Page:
Political History

Texas Declaration of Independence

Texas Declaration of Independence

Unanimous declaration of independence, by the delegates of the people of Texas, in general convention, at the town of Washington, on the second day of March, 1836

Reynold's Political Map of the United States

Designed to exhibit the comparative area of the free and slave states and the territory open to slavery or freedom by the repeal of the Missiouri Compromise.  

C. 1856

P.O.S. of A. Record.

P.O.S. of A. Record

A Chromolithograph which includes a blank form to be filled in by a local chapter of the Patriotic Order Sons of America, with vignettes showing scenes from American history as the border, surrounding portraits of Washington and Columbus (the 400th anniversary of the Columbus voyage was approaching in 1892). Ironically, the P.O.S. of A. was a nativist, anti-immigrant group, allied with the “Know Nothings” at the time of its founding in Philadelphia in 1847. At the height of the order’s popularity at the turn of the last century, there were over 600 local camps across the country. Today, there are 14 camps, all in Pennsylvania. This particular print at one time was displayed at the Ellis County courthouse in Waxahachie, Texas.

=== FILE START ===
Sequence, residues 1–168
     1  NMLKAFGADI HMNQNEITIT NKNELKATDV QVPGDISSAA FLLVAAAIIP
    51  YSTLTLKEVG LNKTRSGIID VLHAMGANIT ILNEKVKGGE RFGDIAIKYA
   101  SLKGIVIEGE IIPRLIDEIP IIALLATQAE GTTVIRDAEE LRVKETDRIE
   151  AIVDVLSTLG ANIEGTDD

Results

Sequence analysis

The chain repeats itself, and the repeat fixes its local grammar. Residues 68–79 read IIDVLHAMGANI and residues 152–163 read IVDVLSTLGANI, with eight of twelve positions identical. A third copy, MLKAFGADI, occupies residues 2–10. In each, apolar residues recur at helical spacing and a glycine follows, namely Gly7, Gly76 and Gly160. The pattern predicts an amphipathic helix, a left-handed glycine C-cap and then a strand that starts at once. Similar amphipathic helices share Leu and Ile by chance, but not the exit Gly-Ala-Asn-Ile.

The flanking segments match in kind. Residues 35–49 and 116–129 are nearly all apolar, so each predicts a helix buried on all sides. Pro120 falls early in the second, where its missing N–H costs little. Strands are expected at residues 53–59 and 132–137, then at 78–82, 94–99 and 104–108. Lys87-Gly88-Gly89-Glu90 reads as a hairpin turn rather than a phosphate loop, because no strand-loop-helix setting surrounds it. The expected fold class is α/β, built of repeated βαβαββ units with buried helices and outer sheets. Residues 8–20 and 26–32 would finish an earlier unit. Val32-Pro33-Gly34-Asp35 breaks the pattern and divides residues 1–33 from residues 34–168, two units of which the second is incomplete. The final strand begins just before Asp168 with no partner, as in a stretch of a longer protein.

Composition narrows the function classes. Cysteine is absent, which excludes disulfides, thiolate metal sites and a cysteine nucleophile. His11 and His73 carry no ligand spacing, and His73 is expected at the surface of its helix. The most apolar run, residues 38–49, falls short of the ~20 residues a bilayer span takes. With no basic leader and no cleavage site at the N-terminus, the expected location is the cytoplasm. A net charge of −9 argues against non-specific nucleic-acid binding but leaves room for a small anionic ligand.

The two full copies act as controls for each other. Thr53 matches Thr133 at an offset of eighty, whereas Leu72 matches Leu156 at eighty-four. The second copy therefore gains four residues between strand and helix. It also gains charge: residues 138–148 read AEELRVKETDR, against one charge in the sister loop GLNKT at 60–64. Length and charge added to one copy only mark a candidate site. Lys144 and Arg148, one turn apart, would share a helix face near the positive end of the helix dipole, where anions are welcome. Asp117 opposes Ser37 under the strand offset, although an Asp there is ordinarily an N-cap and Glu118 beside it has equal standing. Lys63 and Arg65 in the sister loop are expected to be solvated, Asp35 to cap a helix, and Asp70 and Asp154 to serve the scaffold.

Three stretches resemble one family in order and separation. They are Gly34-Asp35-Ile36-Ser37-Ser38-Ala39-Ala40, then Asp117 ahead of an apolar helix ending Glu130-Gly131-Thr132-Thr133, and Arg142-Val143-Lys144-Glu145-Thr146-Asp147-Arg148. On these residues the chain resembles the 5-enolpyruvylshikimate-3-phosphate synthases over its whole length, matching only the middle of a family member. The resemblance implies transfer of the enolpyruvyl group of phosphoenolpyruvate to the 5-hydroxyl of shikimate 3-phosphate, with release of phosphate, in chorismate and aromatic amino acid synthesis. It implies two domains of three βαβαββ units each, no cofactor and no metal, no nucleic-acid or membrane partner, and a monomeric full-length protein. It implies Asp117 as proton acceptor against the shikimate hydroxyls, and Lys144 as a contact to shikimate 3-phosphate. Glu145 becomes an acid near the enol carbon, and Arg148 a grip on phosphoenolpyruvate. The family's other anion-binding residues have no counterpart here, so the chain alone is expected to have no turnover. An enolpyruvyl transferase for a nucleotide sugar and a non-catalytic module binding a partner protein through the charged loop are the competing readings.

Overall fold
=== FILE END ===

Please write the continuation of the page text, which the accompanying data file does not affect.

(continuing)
1891

President-elect Abraham Lincoln

Abraham Lincoln, photographed as President-elect by Alexander Gardner.

February 24th, 1861.

Abraham Lincoln

Abraham Lincoln glass plate negative by Alexander Gardner.

From the only original unretouched negative, made in 1864, at the time he commissioned General Ulysses S. Grant Lieut. General of all the Armies of the Republic. It was suggested that this negative (with that of Ulysses S. Grant) be made in commemoration of that event. Printed by Moses Rice.

1864